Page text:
Breaking News Bar
updated: 2/12/2013 10:18 AM

Stronger U.S. economy since 1st Obama State of Union

hello
Success - Article sent! close
  • In this Jan. 24, 2012 photo, President Barack Obama delivers his State of the Union address on Capitol Hill in Washington.

      In this Jan. 24, 2012 photo, President Barack Obama delivers his State of the Union address on Capitol Hill in Washington.
    Associated Press

 

Associated Press

WASHINGTON -- As President Barack Obama delivers his State of the Union speech Tuesday night, he presides over an economy much healthier than the one he inherited four years ago. Yet growth remains slow and unemployment high.

Order Reprint Print Article
 
Interested in reusing this article?
Custom reprints are a powerful and strategic way to share your article with customers, employees and prospects.
The YGS Group provides digital and printed reprint services for Daily Herald. Complete the form to the right and a reprint consultant will contact you to discuss how you can reuse this article.
Need more information about reprints? Visit our Reprints Section for more details.

Contact information ( * required )

Success - request sent close

In early 2009, the U.S. economy was in the midst of a full-blown panic sparked by the collapse of a housing bubble. Companies were slashing jobs. The unemployment rate was surging. Auto sales in January 2009 had reached a 26-year low.

"You don't need to hear another list of statistics to know that our economy is in crisis," Obama said in his first State of the Union address in February 2009.

The numbers were frightening.

Employers cut 794,000 jobs in January 2009 and 4.5 million from November 2008 through April 2009.

Home prices plunged 19 percent in the 12 months that ended in January 2009. Eventually, they fell by a third overall before bottoming in late 2011.

Perhaps the clearest barometer of the pain was soaring unemployment. The unemployment rate was 7.8 percent in January 2009, just below the current 7.9 percent. But only two months later, in March 2009, it was nearly a full point higher -- 8.7 percent. By October, it had peaked at 10 percent.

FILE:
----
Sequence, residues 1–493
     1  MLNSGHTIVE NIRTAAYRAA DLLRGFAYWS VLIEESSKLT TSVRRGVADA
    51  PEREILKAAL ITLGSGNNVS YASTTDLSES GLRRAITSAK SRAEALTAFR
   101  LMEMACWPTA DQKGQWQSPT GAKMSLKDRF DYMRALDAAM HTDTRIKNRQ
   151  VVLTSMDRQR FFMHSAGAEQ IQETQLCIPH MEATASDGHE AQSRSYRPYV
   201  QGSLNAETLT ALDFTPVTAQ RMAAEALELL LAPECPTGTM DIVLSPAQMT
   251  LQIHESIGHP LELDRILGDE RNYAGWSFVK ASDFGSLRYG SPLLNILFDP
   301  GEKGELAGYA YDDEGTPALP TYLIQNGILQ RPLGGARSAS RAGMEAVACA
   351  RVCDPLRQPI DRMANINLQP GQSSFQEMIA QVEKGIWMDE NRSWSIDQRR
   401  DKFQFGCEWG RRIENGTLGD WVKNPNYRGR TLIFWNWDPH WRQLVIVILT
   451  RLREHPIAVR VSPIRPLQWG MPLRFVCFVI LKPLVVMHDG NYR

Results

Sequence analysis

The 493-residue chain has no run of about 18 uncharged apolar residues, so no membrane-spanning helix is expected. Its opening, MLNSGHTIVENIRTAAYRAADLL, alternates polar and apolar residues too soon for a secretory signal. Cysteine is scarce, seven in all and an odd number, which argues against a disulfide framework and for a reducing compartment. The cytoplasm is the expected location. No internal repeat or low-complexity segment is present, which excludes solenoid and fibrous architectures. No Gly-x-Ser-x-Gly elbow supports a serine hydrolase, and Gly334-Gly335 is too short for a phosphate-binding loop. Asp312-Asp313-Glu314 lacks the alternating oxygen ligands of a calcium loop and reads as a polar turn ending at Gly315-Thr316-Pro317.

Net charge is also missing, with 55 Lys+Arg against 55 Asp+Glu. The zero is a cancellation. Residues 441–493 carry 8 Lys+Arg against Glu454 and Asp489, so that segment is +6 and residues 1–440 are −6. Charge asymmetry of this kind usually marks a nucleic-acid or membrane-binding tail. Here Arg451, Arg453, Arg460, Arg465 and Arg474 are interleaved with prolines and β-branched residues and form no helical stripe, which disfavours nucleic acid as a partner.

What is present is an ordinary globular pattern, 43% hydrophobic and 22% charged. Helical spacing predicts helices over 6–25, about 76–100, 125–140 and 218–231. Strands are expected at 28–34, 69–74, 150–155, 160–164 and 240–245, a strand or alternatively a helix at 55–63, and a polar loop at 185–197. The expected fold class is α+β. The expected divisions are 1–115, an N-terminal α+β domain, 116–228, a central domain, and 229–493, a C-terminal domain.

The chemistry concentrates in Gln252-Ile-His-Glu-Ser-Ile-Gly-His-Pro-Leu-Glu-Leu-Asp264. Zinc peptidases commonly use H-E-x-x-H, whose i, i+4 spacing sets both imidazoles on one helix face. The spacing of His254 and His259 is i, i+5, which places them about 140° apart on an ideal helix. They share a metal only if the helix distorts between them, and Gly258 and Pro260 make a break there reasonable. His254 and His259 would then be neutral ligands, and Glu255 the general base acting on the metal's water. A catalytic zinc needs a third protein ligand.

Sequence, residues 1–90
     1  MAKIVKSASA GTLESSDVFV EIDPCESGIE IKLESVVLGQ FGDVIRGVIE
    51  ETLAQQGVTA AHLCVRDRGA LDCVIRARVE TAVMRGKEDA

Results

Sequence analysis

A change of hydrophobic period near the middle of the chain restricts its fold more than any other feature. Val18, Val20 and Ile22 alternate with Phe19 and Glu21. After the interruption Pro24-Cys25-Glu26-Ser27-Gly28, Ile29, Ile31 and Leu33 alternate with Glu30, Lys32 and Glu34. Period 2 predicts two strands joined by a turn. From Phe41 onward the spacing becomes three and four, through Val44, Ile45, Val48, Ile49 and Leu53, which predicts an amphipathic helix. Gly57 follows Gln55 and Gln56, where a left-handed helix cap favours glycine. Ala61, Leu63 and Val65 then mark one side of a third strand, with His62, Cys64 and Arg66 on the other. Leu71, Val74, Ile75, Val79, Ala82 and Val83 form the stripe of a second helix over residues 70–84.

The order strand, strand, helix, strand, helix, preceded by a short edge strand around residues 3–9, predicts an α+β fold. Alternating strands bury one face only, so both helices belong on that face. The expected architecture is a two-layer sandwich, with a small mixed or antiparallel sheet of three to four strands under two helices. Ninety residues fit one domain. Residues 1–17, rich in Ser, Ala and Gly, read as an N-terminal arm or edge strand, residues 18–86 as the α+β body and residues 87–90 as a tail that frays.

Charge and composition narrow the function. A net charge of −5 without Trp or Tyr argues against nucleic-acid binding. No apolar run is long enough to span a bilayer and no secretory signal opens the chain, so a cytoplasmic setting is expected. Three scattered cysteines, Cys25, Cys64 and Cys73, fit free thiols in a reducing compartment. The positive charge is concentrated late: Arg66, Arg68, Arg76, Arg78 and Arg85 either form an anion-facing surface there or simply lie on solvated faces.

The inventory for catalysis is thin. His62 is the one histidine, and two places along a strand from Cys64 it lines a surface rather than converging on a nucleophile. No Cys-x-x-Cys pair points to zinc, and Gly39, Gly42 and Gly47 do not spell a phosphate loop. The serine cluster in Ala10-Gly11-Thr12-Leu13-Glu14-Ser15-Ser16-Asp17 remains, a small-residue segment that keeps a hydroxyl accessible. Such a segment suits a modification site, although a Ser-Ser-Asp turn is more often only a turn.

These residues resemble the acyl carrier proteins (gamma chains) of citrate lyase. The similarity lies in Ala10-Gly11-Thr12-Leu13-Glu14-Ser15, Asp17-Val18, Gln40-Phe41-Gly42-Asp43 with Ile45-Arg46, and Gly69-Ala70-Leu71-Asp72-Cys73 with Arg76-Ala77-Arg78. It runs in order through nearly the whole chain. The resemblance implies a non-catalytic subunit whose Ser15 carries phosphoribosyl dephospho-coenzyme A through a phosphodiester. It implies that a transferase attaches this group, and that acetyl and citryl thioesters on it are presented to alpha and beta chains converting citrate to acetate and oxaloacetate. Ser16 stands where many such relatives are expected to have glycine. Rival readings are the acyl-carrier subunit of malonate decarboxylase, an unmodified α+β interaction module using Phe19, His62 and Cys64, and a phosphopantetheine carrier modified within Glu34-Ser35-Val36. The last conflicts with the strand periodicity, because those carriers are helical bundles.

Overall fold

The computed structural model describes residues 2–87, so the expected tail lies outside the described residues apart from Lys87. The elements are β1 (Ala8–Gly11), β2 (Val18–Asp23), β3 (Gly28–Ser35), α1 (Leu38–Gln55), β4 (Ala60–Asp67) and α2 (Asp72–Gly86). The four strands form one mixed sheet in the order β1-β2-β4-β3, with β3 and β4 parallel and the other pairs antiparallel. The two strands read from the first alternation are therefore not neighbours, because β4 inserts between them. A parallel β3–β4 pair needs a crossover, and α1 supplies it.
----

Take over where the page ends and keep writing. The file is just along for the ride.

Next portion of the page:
The recovery has been agonizingly slow. Consumers have been wary about spending after piling up debt in the mid-2000s. Local governments, squeezed by tight budgets, have cut 560,000 jobs in four years. And until recently, an anemic housing market discouraged the home construction that in past economic recoveries had powered growth.

Now, companies are hiring modestly but steadily. Employers added an average of 181,000 jobs a month in 2012 and 175,000 in 2011. Still, unemployment remains far higher than the 5 percent to 6 percent that economists regard as normal.

But home prices are finally rebounding as sales and housing starts have recovered. And Americans are buying cars again.

"During the last four years, the economy has stabilized," says economist Sung Won Sohn of California State University Channel Islands.

What has happened to the economy since 2009 likely would have happened whoever occupied the White House, Sohn says.

"We tend to give a lot of credit or blame (for the economy) to the incumbent president," he says. "The fact of the matter is, the U.S. economy is like an aircraft carrier. You can turn it around but not on a dime."

Share this page
Comments ()
Guidelines: Keep it civil and on topic; no profanity, vulgarity, slurs or personal attacks. People who harass others or joke about tragedies will be blocked. If a comment violates these standards or our terms of service, click the X in the upper right corner of the comment box. To find our more, read our FAQ.
    help here